Financial Tips For The Sandwich Generation

In this article: Discover if you’re part of the “Sandwich Generation” and learn the top six financial planning tips to ensure you’re prepared for the future, regardless of your potential financial burdens.

Published Sept. 16, 2020

Reading Time: 4 minutes.

Feeling financially and emotionally stressed due to caring for both older relatives and young children is becoming increasingly common among Americans. The sandwich generation are middle-aged adults that are supporting their children, as well as their elderly parents. The responsibility that they hold is not only mentally exhausting, but can feel financially straining. This is because these individuals are now “sandwiched” and must stretch their income to provide financial support on both sides. If you are part of the sandwich generation, there are financial planning tips you can follow to ease the stress that this brings. 

 

Top 6 Financial Planning Tips for those in the Sandwich Generation

1. Openly Communicate With Your Parents About Their Financial Situation and Expectations

This financial planning tip is crucial to your overall plan. You will not be able to prepare a financial plan if you are not up-to-date on your parent’s finances. You should ask your parents about savings, debt, retirement income, and any other expenses that they may have. From there, you can shift the conversation to focus on their expectations. Do they need a little extra help every month or are you taking on full responsibility for their bills? When you answer these important questions, you’ll have a better idea of what’s to come in the future. 

2. Ask Family Members If They Are Willing to Help

In some cases, the responsibility for financial expenses will fall on a single family member, but not always. If you have family members that are able to help share the responsibility, you should talk with them and set up a plan. At the end of these conversations, you’ll have a better idea of how much financial responsibility you’re taking on; this will help you understand how much you need to budget.

3. Consider Long-Term Care Insurance

In general, the older a person gets, the more financial help that they’ll require. Long-term care insurance covers care that’s not included in regular health insurance.  Although many people think that this solely means nursing home care, it also includes other accommodations such as: help with daily living activities, home care, and home health provided by a professional.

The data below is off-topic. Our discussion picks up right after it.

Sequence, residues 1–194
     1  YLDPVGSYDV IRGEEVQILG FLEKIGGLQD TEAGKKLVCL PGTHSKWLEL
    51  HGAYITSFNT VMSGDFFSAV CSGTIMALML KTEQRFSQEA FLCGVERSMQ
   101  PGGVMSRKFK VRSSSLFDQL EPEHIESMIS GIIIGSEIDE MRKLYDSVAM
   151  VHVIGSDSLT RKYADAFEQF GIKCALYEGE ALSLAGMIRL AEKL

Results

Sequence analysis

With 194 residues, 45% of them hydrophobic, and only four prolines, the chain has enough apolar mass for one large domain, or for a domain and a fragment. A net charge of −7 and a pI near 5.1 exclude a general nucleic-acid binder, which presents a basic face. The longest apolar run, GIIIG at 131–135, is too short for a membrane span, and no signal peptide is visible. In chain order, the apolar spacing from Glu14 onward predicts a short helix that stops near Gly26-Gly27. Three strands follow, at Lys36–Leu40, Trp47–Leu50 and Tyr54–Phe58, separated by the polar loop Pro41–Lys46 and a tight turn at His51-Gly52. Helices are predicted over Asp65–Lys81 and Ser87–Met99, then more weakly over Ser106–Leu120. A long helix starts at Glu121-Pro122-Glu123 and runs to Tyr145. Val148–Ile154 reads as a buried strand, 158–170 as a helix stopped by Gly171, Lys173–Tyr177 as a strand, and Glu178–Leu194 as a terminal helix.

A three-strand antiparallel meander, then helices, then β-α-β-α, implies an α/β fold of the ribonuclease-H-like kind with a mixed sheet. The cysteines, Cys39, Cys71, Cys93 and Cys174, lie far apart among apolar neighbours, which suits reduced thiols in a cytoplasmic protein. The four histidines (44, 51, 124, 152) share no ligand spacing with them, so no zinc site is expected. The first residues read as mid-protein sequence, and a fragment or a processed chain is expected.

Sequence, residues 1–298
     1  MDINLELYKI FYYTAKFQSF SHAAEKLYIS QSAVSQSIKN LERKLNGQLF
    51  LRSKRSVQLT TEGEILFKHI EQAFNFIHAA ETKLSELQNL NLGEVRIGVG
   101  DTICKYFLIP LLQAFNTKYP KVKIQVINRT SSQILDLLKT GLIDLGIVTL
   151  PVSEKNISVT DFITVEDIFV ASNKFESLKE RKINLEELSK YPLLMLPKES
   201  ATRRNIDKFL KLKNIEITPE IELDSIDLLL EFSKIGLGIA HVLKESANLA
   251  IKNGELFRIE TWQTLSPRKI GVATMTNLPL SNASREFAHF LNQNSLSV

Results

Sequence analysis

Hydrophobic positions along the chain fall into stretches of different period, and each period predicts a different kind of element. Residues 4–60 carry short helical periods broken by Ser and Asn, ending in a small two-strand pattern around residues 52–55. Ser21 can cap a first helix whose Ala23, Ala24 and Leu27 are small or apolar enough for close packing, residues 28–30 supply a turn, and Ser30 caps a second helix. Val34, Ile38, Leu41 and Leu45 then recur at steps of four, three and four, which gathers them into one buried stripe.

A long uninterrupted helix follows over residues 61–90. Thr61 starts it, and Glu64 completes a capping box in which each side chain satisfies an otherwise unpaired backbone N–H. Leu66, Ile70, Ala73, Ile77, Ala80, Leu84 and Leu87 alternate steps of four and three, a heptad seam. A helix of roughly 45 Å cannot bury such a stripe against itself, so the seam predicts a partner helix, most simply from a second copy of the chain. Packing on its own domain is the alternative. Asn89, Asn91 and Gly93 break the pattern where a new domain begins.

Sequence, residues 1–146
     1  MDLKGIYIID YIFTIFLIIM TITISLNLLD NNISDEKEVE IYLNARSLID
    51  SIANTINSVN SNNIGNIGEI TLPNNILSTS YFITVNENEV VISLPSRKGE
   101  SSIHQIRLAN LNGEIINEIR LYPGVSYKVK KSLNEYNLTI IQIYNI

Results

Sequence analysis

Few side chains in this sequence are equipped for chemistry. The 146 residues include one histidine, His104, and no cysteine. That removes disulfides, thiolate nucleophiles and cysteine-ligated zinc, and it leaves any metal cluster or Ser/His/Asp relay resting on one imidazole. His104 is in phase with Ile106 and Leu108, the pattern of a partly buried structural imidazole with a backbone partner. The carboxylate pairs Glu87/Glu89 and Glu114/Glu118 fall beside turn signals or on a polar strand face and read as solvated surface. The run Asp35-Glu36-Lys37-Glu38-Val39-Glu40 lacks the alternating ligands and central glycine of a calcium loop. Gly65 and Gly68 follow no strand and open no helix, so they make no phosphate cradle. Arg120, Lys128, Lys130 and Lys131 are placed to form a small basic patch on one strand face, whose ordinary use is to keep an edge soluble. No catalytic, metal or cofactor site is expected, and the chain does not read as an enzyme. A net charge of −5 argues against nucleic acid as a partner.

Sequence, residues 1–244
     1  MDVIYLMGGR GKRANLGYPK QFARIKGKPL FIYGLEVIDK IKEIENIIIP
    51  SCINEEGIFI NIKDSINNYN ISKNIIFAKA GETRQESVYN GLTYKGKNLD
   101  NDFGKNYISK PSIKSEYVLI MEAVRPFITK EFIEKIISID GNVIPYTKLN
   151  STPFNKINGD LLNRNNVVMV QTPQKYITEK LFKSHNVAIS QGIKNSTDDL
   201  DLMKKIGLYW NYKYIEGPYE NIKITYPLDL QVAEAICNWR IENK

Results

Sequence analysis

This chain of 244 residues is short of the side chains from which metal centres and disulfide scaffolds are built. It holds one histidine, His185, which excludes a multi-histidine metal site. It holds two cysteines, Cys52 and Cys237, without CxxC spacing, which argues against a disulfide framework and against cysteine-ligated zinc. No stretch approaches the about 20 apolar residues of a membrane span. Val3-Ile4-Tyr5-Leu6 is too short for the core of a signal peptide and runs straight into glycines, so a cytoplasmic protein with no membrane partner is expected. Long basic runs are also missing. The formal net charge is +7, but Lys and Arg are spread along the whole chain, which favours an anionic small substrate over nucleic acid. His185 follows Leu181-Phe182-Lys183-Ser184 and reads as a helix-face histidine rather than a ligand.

It’s important to remember that not every insurance plan is the same, so consider the advantages and disadvantages of each plan before committing. These plans tend to be more expensive, but can save you money in the long-run. You should speak with your financial advisor to consider if this is a good option for you and your parents.

4. Prepare for Your Children’s Needs

One of the big expenses that you may be preparing for is paying for your children’s education. One of the top options available to you is a 529 savings plan. This plan allows deposited money for college to grow tax-free; it can also be withdrawn without being taxed. This is just one of the plans available, but it’s important to consider different options with your financial advisor. In addition, you should take this time to teach your kids basic money skills, which can help them to be financially independent later on in life. For those that have older kids who recently returned home, you may want to consider asking them to pay some of the bills.  

5. Save Money on Bills With the Help of a Financial Advisor

If you are part of the sandwich generation, you are probably trying to budget as best you can with the money that you have.  Additionally, however, you should reconsider what type of plans you have and review if they are benefiting you.  For example, you may not be taking advantage of tax deductions.  If you’re unaware of how to examine these areas, you should ask your financial advisor for assistance. 

6. Don’t Neglect Your Retirement Savings

Although caring for your family is very important, you do still have to take into consideration your own financial stability. You should contribute enough to at least get the maximum employee match; that way, you aren’t wasting any free money. If you want to save in other retirement accounts, you should consider your possibilities, which include Roth IRA, 401(k), and 403(b). Make sure to choose the retirement account that offers you the best tax benefits.

Preparing for the Future in a Sandwich Generation

These financial planning tips should better enable you to ta’ke on these extra financial responsibilities. It’s important to remember that during this time you should still be planning for your own financial future and goals. A great financial planner helps those in a sandwich generation optimize current spending and budgeting while also preparing them for retirement.

Forbes notes, “It may feel unnatural, even selfish, as a parent to put yourself before your children, but when it comes to financial planning, it’s actually better for everyone to make yourself a priority.”  Although it’s common to feel stressed out, don’t do anything that you’re unable to do financially. By considering your own needs as well, you will prevent your kids from having to face the financial strain of providing for you in the future.

Disclosure: This blog is not investment advice and should not be relied on for such advice or as a substitute for consultation with professional accounting, tax, legal or financial advisors. The observations of industry trends should not be read as recommendations for stocks or sectors.

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